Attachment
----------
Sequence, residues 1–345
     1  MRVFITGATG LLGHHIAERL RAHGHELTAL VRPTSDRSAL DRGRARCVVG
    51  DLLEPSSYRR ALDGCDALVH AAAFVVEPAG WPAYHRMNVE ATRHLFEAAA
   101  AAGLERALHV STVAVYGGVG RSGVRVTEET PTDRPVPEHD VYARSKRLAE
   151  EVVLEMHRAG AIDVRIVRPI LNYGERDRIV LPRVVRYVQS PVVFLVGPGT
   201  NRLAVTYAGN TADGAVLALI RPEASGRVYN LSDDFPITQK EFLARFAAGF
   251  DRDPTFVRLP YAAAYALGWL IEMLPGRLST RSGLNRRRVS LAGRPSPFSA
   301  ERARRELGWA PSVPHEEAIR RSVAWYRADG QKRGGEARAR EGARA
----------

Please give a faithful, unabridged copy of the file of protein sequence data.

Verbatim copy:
Sequence, residues 1–345
     1  MRVFITGATG LLGHHIAERL RAHGHELTAL VRPTSDRSAL DRGRARCVVG
    51  DLLEPSSYRR ALDGCDALVH AAAFVVEPAG WPAYHRMNVE ATRHLFEAAA
   101  AAGLERALHV STVAVYGGVG RSGVRVTEET PTDRPVPEHD VYARSKRLAE
   151  EVVLEMHRAG AIDVRIVRPI LNYGERDRIV LPRVVRYVQS PVVFLVGPGT
   201  NRLAVTYAGN TADGAVLALI RPEASGRVYN LSDDFPITQK EFLARFAAGF
   251  DRDPTFVRLP YAAAYALGWL IEMLPGRLST RSGLNRRRVS LAGRPSPFSA
   301  ERARRELGWA PSVPHEEAIR RSVAWYRADG QKRGGEARAR EGARA